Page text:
[Deborah Smith lives with her husband in Georgia and is at work on her next novel. She will be appearing at Malaprop’s Bookstore on Saturday, March 9 at 7 p.m. as part of a 17-city book tour. For more info, call 254-6734.]
****************************************************************** Isabel Zuber (Picador, 2002)
Styled in the old-fashioned tradition of Thomas Hardy or Emily Bronte, Salt is a satisfying first novel by poet Isabel Zuber. This epic story is principally about the marriage of Anna Stockton and John Bayley in the Western North Carolina mountains near the turn of the 20th century. The title is a metaphor for preserving and trust and other matters of survival: Salt was an important and necessary ingredient to mountaineers. The tale spans 110 years, from 1877 to 1987, and follows not only Anna’s and John’s lives, but those of their children.
Anna is a romantic dreamer, a woman dedicated to work and books and thoughts of love. John, a hard hill farmer (and we all know the nature of hard hill farmers) is already twice married and twice widowed by the time he meets Anna, and he’s shouldering the sorrow of two dead wives and the responsibility of child-rearing. It’s not an easy time for either of them, though Anna seems the more capable of adapting, perhaps because of her dreamer nature.
Their stories are told in alternating fashion so that we learn their histories together as they grow into adulthood. Along the way, they survive harsh stepfathers, the untimely deaths of friends — and, in John’s case, his unbridled passion for his first wife. But when she grows ill and begins to fade like a rose come winter, he hires a girl to assist with housework and ends up sleeping with her, ultimately taking her for his next wife.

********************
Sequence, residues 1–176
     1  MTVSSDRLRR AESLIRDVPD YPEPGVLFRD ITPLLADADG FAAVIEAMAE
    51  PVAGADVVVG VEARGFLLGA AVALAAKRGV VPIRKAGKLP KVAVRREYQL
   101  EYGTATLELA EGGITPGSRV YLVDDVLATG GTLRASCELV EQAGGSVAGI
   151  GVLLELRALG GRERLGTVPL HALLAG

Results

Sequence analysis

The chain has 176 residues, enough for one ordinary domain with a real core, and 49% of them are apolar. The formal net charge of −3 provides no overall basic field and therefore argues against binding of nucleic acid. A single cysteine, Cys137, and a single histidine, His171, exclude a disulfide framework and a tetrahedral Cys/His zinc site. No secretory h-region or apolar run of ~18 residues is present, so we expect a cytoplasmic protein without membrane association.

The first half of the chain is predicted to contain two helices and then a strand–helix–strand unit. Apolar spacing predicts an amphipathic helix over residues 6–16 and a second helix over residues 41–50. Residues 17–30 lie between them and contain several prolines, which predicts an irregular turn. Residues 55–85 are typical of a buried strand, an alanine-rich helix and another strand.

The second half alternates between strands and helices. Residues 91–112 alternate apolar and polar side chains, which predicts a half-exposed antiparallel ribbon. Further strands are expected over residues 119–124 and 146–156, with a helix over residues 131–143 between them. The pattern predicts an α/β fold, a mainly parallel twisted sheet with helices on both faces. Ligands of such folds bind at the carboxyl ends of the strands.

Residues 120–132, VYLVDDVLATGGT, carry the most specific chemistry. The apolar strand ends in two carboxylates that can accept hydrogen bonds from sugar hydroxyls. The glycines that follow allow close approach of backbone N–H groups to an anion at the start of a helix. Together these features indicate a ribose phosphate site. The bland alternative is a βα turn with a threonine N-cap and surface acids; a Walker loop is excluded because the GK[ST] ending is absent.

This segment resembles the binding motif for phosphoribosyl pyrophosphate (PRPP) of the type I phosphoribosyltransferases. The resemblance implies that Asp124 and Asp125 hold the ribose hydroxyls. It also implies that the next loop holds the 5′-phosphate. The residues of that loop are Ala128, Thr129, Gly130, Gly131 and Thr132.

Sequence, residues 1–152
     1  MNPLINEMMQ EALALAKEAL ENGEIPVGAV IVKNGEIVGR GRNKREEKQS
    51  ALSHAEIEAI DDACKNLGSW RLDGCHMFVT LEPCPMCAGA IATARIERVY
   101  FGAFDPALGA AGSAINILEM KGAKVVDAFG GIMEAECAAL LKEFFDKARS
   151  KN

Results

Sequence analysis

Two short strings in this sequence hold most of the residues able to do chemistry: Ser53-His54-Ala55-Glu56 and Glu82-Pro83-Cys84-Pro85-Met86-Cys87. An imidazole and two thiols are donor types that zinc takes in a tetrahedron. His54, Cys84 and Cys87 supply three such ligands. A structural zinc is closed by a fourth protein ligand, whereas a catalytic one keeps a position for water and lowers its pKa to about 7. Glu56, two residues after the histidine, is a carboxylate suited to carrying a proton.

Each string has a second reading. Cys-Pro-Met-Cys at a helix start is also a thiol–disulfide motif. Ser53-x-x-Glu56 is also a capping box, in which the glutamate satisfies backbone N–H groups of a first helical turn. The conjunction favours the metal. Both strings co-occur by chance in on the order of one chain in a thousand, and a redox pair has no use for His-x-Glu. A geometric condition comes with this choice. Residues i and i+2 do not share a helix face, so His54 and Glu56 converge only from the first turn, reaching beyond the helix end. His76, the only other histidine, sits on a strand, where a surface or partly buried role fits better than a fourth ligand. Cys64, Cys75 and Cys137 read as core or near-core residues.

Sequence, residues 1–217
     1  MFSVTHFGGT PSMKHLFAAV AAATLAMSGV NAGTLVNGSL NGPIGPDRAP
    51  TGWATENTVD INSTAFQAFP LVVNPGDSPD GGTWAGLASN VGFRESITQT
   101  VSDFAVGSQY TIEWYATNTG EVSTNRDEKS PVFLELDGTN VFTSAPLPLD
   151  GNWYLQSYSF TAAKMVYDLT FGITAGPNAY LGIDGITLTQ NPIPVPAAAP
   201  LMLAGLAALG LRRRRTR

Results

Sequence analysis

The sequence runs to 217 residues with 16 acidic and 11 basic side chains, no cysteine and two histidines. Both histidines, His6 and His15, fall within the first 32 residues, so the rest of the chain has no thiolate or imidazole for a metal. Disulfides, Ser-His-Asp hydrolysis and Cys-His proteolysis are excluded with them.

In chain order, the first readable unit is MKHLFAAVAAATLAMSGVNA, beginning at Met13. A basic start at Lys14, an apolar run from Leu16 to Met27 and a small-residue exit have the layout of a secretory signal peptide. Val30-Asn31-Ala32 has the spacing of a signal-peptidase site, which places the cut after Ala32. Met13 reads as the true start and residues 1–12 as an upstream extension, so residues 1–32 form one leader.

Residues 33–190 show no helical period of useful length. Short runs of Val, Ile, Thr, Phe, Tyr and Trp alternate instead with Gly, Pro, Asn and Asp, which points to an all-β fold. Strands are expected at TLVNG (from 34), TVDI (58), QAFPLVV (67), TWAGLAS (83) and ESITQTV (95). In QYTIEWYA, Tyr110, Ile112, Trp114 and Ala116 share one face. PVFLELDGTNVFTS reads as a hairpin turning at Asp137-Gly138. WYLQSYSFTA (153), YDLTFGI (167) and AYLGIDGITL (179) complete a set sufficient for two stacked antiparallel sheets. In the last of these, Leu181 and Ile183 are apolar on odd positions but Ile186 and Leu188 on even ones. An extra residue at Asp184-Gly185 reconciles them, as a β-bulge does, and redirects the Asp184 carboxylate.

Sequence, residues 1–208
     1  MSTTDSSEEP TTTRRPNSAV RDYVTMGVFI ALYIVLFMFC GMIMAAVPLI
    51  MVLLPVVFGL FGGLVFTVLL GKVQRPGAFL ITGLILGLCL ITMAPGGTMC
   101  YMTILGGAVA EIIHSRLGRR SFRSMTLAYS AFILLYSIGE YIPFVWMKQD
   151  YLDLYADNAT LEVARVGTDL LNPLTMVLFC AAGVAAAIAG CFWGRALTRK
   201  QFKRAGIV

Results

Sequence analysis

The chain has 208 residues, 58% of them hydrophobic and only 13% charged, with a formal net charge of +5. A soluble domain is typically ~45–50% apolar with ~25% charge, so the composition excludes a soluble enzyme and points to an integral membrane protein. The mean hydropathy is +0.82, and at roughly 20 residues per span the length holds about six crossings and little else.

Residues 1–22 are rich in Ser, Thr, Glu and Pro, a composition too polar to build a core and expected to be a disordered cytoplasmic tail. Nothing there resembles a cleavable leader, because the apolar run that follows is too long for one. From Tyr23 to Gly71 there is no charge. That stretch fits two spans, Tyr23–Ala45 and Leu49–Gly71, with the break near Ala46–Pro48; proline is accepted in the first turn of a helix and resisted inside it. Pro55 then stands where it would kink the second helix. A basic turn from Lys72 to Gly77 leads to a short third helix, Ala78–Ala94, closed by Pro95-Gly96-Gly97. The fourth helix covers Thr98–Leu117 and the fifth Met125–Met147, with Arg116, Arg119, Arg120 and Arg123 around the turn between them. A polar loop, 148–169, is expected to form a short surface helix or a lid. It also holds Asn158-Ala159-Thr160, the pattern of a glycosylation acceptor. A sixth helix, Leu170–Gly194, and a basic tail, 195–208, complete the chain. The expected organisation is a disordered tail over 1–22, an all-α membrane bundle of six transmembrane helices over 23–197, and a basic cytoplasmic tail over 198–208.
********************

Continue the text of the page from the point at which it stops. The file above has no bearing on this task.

Anna is far more innocent of such doings, learning how to kiss from her sister: “And Nell kissed her. On the mouth. Anna had been kissed behind the schoolhouse and again on a walk home from church when she and a classmate reached a place where the road curved and everyone else had gone on ahead out of sight. But it had been nothing like what Nell talked about. This was only a sisterly kiss and sure to be innocent on Nell’s part, but Anna was stunned by the way it made her feel.” Here we get the first hint of Anna’s imagination, of her sense of wonderment about all things mysterious. The poet’s deft touch is present throughout the work. By the time John Bayley comes on the scene, Anna has already come close to another love with the wealthy, bright and handsome David Alba, son of the couple Anna has gone to work for.
But widower John woos her hand away. In spite of his sometimes pragmatic view of a spouse — “[She is] easily the best field hand I’ve ever had, he thought” — John does feel deep desire for her, and their love is lusty, at least in the beginning.
The first hint of real trouble comes when John finds Anna dancing in the kitchen with his oldest boy, Roby, and grows so angry that “He … never touched her again since that night.”
As for Anna, she rues John’s behavior in silence: “I have spaces of my own. I hold and hoard them against you as I must. Enter at your own peril. You won’t like what you find.”
Few novels I’ve read recently achieve true “storyteller status,” but this one does. Salt is recommend for anyone who likes to take a good book to a private little corner and enjoy its company.
[Isabel Zuber lives in Winston-Salem and is the author of two collections of poetry, Oriflamb and Winter’s Exile. She will be reading and signing her book at Malaprop’s on Friday, March 22 at 7 p.m.]